Artificial Intelligence is quickly becoming integrated into many sectors of our lives, including healthcare.
It’s application to psychiatry hasn’t quite taken shape yet, however, its projected that with the aid of technology, mental health professionals will be able to offer more pervasive and effective treatments for mental disorders.
One form of the treatment, being developed now is Virtual Reality Therapy (VRT). Many of us are familiar with the technology of Virtual Reality (VR), commonly its use in gaming. VR technology simulates an experience for the user, the user wears a headset which gives the Illusion that they are in a different setting through sound and imagery. Its implementation into therapy is now being explored as a useful form of “exposure therapy” for the treatment of an array of mental health disorders.
Exposure therapy is a therapeutic technique in which the patient is exposed to stimuli that may be the source of their mental health disorders. It is recognized as three different forms:
This exposure therapy exposes the patient to the feared stimulus in real world settings. An example of this application would be if the patient had a fear of public speaking and having them give a speech to a group of strangers.
This exposure therapy calls on the patient to imagine the feared stimulus in their minds, this feared stimulus could be painful memories or thoughts.
This exposure therapy calls on the patient to experience the somatic symptoms they experience in reaction to a feared stimulus. It is similar to Imaginal Exposure Therapy; however, the exposure extends itself to bodily sensations. An example of this would be triggering the bodily symptoms of social anxiety a patient experience.
These three forms of exposure therapy each have their limitations. Through the use of VRT we may be able to bridge the gap between these three forms of exposure therapy, creating one, all-encompassing, and ultimately more effective therapy treatment option, easily adapted to meet the needs of each patient.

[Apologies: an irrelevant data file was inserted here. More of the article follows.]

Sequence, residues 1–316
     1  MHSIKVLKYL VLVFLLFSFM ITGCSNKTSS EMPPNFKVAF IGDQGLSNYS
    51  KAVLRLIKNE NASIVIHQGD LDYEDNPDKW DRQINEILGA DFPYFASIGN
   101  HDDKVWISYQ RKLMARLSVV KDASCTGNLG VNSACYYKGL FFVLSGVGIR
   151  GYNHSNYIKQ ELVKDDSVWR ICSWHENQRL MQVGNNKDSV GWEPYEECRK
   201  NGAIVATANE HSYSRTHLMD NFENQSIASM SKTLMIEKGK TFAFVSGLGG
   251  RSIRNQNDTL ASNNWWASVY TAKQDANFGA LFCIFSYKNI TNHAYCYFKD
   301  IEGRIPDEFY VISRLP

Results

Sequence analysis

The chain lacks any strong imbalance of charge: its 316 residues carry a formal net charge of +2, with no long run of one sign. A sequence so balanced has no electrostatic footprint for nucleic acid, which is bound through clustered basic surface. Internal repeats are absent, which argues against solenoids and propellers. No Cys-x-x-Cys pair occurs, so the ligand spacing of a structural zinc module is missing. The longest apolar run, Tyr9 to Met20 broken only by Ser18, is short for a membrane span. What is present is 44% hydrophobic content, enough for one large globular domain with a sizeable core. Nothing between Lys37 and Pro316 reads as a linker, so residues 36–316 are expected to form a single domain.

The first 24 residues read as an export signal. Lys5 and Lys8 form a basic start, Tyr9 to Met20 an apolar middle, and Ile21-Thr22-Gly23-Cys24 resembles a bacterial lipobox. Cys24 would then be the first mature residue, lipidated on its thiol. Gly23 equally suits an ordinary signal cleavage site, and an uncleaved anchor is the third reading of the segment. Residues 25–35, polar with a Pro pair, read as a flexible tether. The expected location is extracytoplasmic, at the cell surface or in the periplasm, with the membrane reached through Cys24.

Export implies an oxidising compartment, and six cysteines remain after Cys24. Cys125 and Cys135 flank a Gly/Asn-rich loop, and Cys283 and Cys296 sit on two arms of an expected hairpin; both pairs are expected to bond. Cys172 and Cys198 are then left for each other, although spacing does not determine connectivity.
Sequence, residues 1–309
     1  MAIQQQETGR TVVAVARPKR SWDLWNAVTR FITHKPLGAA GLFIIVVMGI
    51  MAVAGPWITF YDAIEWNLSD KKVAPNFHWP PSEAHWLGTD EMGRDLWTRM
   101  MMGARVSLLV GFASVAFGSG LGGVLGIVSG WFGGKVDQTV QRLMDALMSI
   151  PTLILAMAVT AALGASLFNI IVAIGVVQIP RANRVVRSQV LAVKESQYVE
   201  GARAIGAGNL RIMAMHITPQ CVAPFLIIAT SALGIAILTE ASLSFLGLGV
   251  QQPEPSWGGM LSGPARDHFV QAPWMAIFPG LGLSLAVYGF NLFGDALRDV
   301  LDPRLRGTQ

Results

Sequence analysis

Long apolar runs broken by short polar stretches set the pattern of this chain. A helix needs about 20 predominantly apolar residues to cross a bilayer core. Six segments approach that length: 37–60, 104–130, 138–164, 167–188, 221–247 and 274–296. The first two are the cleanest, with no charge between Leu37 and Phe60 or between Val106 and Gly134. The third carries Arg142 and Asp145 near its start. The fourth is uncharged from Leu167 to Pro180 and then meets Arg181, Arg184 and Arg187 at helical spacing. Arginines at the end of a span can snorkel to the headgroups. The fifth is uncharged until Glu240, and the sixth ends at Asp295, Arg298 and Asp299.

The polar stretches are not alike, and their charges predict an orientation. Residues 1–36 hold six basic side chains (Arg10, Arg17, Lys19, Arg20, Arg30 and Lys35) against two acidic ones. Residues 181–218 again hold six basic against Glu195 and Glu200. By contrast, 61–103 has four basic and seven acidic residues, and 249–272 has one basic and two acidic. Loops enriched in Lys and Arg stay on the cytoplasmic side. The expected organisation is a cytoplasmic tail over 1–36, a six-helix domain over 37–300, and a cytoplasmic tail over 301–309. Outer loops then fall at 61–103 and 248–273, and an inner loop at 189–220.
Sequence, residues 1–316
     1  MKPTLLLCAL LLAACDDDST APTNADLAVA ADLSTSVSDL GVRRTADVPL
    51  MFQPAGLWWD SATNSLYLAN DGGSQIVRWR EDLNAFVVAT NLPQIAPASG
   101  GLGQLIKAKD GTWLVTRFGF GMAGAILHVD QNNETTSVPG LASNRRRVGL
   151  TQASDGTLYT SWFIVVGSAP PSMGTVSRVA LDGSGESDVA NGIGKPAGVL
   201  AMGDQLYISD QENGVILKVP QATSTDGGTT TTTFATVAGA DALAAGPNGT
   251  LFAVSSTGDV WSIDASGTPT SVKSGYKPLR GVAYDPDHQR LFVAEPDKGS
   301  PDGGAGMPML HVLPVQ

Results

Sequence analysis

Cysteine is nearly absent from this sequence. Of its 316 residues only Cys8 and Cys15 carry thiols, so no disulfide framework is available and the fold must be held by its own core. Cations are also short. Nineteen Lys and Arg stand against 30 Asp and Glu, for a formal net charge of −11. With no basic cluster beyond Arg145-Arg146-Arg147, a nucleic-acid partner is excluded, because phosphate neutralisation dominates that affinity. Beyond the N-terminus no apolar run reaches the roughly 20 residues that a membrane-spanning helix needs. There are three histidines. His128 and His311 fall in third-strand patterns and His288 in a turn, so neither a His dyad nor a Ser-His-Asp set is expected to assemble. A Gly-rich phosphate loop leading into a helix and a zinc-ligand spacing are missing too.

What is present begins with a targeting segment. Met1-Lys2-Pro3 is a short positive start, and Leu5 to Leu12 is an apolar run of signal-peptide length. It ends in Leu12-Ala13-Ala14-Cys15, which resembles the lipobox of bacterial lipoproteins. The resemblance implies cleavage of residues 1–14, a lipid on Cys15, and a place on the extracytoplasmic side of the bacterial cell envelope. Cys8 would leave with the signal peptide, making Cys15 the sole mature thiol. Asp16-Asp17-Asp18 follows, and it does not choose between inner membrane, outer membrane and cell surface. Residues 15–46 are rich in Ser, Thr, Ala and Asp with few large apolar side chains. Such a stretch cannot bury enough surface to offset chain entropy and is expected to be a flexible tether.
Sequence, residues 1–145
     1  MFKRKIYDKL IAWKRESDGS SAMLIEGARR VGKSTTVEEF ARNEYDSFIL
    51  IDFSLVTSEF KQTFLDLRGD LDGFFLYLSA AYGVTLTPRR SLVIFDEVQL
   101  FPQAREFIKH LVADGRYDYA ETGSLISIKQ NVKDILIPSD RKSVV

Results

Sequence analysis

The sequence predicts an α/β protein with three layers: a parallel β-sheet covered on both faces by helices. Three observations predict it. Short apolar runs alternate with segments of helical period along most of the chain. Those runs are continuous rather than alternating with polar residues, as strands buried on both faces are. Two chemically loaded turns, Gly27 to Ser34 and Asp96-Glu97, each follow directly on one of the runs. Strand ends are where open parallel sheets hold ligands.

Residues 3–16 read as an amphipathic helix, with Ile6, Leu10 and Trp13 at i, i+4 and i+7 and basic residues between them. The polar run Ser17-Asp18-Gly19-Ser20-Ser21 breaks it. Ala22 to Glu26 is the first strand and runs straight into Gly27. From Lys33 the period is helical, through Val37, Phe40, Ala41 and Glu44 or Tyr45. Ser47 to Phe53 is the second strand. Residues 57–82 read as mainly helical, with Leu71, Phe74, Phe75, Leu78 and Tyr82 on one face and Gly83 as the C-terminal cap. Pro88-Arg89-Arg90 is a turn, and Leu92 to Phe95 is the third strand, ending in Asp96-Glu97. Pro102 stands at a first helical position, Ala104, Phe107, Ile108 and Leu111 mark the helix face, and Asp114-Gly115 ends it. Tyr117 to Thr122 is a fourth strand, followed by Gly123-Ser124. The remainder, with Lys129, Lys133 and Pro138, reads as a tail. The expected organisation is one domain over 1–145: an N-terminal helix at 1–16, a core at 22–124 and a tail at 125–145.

For individuals who suffer from Social Phobias, such as Agoraphobia, the idea of having a real-life exposure therapy session, in which they are placed in a crowded room of people seems daunting and somewhat cruel. With the use of VRT, patients are in a simulated reality and are able to opt out of any exposure they find too uncomfortable.
For patients suffering from Post-Traumatic Stress Disorder (PTSD), real-life exposure therapy may not be practical. If the PTSD resulted from a traumatic car accident, getting behind the wheel is nerve-wracking and may be dangerous, considering the potential body responses the patient may experience as a result of the feared stimulus. A VRT headset can put the patient behind the wheel, in the exact area of the accident, creating a safe space for the patient to explore their painful memories and thoughts stemming from the incident.
VRT easily merges Real-Life, Imaginal, and Interoceptive exposure therapies in a safe and therapeutic environment, giving the therapist greater leverage in their treatment of the patient, and the patient greater leverage in facing fear-inducing experiences.
Disclaimer: All information, content, and material contained in this article is for informational purposes only and is not intended to serve as a substitute for the consultation, diagnosis, and/or medical treatment of a qualified physician or healthcare provider.